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Letter to the editor

The article regarding the SAFE Act and gun confiscation on arrests for domestic violence left a big gap in the problems associated with the new law. It is correct that the Lautenberg Law is a federal law and prohibits possession of a firearm for anyone who has been convicted of a misdemeanor charge of domestic violence. It is even enforced if the conviction is discovered before the law was passed. The Ex Post Facto provisions are not germane to this law.

However, the SAFE act has enacted provisions that allows for abuse of the process. Since the SAFE Act was passed, anyone who has been accused of being involuntarily admitted to a hospital or had a social worker or certain medical professionals report that in their opinion, the person was a danger to themselves or others, the person is put in a process that makes them lose their right to possess firearms. They don’t get due process or confirmation by a qualified mental health professional to confirm the accuracy of the report.

The report, even if inaccurate, is reported to the FBI and the person is put on the federal NICS list and is denied the right to purchase or own any firearm. The damage is done and if those who have been cleared by a judge that the report was false or inaccurate, the state does not contact the FBI to correct the mistake.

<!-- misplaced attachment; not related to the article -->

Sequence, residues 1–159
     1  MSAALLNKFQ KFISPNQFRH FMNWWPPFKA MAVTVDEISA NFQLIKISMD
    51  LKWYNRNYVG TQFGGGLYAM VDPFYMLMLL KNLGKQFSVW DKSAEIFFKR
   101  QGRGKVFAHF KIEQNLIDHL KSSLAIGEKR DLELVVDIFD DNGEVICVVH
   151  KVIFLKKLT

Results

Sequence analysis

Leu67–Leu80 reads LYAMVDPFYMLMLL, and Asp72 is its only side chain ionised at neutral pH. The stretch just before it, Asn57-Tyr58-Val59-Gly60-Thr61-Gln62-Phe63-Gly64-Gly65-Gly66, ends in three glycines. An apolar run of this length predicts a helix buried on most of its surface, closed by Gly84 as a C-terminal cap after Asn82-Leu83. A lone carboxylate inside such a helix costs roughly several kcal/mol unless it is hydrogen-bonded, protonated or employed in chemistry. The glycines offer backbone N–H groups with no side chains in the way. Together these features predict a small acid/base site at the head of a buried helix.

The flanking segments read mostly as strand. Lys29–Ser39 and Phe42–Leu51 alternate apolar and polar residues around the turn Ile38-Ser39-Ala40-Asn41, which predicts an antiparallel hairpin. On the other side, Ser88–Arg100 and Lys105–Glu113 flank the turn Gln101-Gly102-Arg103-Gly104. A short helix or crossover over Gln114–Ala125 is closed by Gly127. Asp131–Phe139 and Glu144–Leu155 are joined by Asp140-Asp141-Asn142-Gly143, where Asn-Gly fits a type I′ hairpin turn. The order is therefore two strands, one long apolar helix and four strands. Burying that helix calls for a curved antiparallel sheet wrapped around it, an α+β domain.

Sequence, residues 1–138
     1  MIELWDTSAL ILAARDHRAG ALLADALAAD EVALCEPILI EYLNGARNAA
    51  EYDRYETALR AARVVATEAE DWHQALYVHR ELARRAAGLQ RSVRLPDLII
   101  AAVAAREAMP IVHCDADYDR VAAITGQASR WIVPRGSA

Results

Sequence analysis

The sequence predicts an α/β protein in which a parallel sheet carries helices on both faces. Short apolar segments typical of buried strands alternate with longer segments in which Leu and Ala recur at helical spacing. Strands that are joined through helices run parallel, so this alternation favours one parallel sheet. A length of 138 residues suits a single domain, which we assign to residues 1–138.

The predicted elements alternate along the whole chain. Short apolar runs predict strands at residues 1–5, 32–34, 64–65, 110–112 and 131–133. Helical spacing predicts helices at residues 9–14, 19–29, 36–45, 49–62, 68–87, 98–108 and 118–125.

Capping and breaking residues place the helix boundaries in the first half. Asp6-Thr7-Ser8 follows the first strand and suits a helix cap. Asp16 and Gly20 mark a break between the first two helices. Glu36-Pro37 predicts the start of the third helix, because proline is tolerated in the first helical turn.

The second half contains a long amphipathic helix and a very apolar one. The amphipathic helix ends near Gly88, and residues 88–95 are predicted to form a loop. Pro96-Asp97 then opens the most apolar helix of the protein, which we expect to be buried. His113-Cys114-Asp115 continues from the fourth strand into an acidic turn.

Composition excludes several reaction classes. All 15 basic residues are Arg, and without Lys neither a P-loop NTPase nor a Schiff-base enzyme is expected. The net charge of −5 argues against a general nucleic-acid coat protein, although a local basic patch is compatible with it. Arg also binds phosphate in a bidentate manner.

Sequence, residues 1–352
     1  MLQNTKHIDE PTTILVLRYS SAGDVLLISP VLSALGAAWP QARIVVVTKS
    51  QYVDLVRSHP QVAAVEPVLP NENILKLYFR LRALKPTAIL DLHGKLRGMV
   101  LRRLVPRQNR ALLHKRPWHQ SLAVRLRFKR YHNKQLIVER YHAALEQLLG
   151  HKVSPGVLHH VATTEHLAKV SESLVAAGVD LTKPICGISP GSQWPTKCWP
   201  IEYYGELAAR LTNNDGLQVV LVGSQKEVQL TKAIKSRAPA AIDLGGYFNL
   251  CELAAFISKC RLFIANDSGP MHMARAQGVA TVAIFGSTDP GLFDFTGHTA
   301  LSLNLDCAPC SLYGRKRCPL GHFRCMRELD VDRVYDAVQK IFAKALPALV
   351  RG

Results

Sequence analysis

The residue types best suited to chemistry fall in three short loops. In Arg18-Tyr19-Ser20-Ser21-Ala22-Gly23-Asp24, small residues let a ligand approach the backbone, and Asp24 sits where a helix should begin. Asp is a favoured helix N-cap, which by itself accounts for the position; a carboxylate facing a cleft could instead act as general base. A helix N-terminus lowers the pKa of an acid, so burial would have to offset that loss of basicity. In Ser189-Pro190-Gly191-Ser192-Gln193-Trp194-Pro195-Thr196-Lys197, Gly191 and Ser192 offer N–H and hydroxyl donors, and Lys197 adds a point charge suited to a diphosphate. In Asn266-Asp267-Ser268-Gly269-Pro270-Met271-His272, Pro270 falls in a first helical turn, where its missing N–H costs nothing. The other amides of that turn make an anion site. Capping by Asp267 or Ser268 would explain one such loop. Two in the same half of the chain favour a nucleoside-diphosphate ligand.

Once the name in on the list, it is almost impossible to get off. It takes time and money for a lawyer to attempt to do so. The state will do NOTHING to correct their error. It is strictly up the victim of the false report. A false report of domestic violence can have the same disastrous result. A vindictive person with a false order of protection can do harm to a person who committed no crime. Without severe penalties for making false statements, this law can harm many innocent people while doing nothing to reduce “gun violence.”

Budd Schroeder
Chairman Emeritus SCOPE

Budd Schroeder